In 2014 – 15 36% of accidental dwelling fires were caused by misuse of equipment or appliances. Crucially this means many of these fires could have been prevented.
It may seem obvious and hopefully we all understand the need for appliance such as a gas hob to be installed by a gas safe engineer, but double check the requirement of all appliances in the manufacturers instructions.It is very easy to just slot a new appliance in the place of where an old one once sat but sometimes a simple error can cause a problem.
A common mistake is to install white good in garages or sheds. The extremes of temperature and the possible damp environment in these areas mean it is not always appropriate to do this and can invalidate the warranty and impair the working of the product. If you look in the instruction manual most white goods will specify the safe operating temperatures. It’s also recommended not to install and appliance such as a fridge right next to an appliance such as a cooker.
Take a look at your leads. Make sure any appliances are not sitting on the lead or that it is not continually bent at one point or stretched so it can reach the plug.
Appliances need proper ventilation in order to work safely. This means that making sure there is the required space around the appliance and that any vents are clear of obstructions so air can circulate. Large appliances such as fridge should not be installed on a carpeted surface and the tops of microwaves should not be used as storage. Make sure that any vents are clean, they can accumulate dust very easily. This might mean cleaning under and behind appliances so make sure you move them a couple of times year to clean the hidden areas.
Cookers (hobs, grills and ovens) should be kept clean. Build up of fats and grease can cause fires. We should all know that we should clean our tumble dryer lint filter after each use but if your dryer vents to the outside worth making sure this is cleaned out once of twice a year. If you have a condenser dryer you should clean the heat exchanger and empty the water reservoir.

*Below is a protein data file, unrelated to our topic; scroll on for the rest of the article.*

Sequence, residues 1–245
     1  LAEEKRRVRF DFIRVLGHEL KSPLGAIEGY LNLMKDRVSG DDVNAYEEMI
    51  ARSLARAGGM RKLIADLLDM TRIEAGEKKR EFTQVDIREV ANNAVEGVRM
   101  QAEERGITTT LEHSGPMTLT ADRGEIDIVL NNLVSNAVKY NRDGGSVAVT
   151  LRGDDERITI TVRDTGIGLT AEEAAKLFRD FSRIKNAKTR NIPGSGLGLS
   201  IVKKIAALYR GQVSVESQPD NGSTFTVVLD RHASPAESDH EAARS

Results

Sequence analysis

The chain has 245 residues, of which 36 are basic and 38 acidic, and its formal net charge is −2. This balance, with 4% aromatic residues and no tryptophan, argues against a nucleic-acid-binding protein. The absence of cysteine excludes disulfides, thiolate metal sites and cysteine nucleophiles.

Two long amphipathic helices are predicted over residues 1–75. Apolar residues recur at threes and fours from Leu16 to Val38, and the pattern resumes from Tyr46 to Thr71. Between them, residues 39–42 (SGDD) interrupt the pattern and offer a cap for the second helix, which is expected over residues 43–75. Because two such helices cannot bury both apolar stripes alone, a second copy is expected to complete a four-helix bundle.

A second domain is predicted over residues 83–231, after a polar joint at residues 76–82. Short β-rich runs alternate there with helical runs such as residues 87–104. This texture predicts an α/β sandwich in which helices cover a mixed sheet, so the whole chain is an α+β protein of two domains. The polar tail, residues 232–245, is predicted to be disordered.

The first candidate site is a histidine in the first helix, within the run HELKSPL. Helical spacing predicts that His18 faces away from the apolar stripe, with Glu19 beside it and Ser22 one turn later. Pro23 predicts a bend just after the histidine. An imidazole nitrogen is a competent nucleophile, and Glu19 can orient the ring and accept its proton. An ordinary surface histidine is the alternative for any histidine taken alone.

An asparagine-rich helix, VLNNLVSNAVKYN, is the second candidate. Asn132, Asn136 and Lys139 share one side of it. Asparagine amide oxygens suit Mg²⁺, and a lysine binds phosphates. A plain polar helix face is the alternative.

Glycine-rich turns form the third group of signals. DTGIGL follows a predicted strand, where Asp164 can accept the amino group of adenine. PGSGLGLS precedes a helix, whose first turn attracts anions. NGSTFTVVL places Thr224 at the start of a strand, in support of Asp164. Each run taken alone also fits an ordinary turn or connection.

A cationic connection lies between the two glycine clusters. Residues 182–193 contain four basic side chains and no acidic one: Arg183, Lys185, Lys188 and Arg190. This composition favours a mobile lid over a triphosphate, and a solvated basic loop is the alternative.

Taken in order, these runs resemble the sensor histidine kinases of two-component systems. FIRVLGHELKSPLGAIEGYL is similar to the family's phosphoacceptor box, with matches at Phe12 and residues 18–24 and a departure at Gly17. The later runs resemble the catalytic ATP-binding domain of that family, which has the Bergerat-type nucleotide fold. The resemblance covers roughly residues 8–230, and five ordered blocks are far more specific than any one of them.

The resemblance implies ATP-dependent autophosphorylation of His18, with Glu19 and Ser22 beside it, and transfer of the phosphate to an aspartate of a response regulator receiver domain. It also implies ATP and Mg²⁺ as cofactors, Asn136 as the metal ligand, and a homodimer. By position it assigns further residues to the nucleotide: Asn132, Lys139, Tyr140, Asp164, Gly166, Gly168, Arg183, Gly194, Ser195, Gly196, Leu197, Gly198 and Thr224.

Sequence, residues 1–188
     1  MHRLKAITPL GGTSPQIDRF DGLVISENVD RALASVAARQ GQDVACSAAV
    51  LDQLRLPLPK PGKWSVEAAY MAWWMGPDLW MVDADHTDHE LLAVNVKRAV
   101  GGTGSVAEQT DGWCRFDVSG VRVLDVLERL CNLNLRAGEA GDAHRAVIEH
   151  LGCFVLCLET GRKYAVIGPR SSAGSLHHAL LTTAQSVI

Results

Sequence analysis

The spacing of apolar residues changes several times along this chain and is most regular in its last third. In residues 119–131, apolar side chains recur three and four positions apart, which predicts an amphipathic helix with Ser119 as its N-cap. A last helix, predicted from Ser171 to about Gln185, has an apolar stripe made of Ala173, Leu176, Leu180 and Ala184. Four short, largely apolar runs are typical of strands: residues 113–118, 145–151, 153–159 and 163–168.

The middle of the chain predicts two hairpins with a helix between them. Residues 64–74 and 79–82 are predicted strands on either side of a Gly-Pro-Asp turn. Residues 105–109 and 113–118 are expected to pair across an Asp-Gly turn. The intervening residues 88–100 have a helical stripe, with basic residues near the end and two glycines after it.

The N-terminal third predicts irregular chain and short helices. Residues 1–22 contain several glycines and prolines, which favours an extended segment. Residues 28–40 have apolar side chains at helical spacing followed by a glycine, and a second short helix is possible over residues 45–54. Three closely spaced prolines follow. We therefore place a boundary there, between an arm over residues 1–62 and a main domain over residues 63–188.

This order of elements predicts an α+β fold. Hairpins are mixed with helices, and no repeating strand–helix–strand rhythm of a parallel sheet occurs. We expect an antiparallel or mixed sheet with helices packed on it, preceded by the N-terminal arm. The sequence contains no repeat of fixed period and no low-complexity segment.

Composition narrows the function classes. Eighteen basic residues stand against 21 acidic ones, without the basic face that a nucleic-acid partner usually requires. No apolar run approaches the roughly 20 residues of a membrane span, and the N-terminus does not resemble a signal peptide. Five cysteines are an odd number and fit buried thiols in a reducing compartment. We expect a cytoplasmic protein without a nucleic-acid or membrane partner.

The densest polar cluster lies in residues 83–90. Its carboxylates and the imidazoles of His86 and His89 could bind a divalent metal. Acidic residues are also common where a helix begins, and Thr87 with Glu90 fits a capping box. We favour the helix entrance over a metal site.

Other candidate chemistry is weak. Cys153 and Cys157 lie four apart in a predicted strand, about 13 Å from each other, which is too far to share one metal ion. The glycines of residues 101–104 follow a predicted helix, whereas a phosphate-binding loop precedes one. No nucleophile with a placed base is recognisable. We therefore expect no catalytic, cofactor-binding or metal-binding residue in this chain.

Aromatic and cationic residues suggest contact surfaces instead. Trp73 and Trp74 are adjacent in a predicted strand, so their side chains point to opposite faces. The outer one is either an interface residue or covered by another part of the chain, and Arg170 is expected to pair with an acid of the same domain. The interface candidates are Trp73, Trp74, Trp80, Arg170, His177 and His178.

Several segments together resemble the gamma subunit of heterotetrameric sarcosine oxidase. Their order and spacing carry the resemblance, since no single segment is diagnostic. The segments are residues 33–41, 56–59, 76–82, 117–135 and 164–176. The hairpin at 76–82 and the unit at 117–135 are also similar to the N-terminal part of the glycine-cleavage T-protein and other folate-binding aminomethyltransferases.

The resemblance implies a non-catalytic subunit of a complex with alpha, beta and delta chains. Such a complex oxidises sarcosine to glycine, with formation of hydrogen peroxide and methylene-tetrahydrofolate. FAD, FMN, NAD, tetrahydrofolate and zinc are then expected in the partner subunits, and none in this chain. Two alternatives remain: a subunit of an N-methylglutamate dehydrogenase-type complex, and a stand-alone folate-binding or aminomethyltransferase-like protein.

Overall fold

Make sure you use appliances for the purpose they were designed for. Ovens and hobs should not be used for heating rooms or drying clothes. Some people even use microwaves to warm pants or socks in the winter (So I’ve heard)
Don’t leave appliances running whilst the household is asleep or out unless they are designed to be left on – such as a freezer. This is commonly done with dishwashers, washing machines and tumble dryers. If you run them whilst you are around in the event of an incident you can respond quickly and safely.
Kitchens and utility rooms have a concentration of higher risk appliances – due to the combination of powerful motors, water, electricity and heat. These are also the areas where smoke alarms are problematic as they are often activated by cooking fumes. Consider installing heat alarms. They are not activated by fumes and can give you early warning of a problem.
It’s good practice to switch off and unplug any appliances which are not being used. Larger more powerful appliances should be plugged directly into the wall. Avoid using extension cables and block adapters especially on high powered items such as washing machines and dishwashers.
Although in such adapters there may be enough spaces to plug several sockets it does not mean you can safely use all the sockets. Different appliances use different amounts of power – most extensions can cope with 13amp or 3000 watts (some extensions may be lower than that). It will say on the extension. Most kitchen appliances cannot be combined on an extension so if you are someone you know is using one please check. Overloading extensions can cause fires. Have a look at Electrical Safety First’s socket calculator – great fun but shows how easy it is to overload.
It’s good practice to check plugs regularly. A visual check to make sure the cables are securely attached to the appliance and plug and there are no tears in the cable. The plug case should be in good order with no cracks and there should be no discolouring – this could be a sign of overheating.
If you or someone you know has a trusty old appliance it is worth simply checking the plug.
Modern plugs have insulated sleeves on the power pins, but old plugs did not. The sleeves ensure that a plug which is only partially inserted will not expose any live pins. This can be especially dangerous if you have trouble pulling plugs out and hook your finger on the underside to remove. This can give you an electric shock. If you have any old type plugs on electrical items get them replaced.